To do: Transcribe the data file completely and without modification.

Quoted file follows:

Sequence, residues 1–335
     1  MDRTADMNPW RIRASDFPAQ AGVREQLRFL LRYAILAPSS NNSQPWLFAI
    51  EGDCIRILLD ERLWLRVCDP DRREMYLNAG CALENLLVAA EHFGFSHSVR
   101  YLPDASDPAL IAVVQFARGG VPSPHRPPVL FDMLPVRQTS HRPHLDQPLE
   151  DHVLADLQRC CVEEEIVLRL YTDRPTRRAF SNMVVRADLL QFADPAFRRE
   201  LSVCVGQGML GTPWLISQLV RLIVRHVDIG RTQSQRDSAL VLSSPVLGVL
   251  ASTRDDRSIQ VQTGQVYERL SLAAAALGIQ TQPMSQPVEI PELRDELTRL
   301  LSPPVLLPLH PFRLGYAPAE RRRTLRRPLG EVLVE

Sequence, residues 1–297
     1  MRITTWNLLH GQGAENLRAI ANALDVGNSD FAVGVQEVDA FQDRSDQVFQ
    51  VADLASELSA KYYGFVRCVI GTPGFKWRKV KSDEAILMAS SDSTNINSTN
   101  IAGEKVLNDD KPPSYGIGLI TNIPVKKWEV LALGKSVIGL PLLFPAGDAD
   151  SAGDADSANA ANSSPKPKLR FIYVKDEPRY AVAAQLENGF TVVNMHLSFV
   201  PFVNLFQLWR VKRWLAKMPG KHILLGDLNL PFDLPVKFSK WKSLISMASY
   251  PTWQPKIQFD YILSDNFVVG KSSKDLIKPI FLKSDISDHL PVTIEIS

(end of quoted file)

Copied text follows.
Sequence, residues 1–335
     1  MDRTADMNPW RIRASDFPAQ AGVREQLRFL LRYAILAPSS NNSQPWLFAI
    51  EGDCIRILLD ERLWLRVCDP DRREMYLNAG CALENLLVAA EHFGFSHSVR
   101  YLPDASDPAL IAVVQFARGG VPSPHRPPVL FDMLPVRQTS HRPHLDQPLE
   151  DHVLADLQRC CVEEEIVLRL YTDRPTRRAF SNMVVRADLL QFADPAFRRE
   201  LSVCVGQGML GTPWLISQLV RLIVRHVDIG RTQSQRDSAL VLSSPVLGVL
   251  ASTRDDRSIQ VQTGQVYERL SLAAAALGIQ TQPMSQPVEI PELRDELTRL
   301  LSPPVLLPLH PFRLGYAPAE RRRTLRRPLG EVLVE

Sequence, residues 1–297
     1  MRITTWNLLH GQGAENLRAI ANALDVGNSD FAVGVQEVDA FQDRSDQVFQ
    51  VADLASELSA KYYGFVRCVI GTPGFKWRKV KSDEAILMAS SDSTNINSTN
   101  IAGEKVLNDD KPPSYGIGLI TNIPVKKWEV LALGKSVIGL PLLFPAGDAD
   151  SAGDADSANA ANSSPKPKLR FIYVKDEPRY AVAAQLENGF TVVNMHLSFV
   201  PFVNLFQLWR VKRWLAKMPG KHILLGDLNL PFDLPVKFSK WKSLISMASY
   251  PTWQPKIQFD YILSDNFVVG KSSKDLIKPI FLKSDISDHL PVTIEIS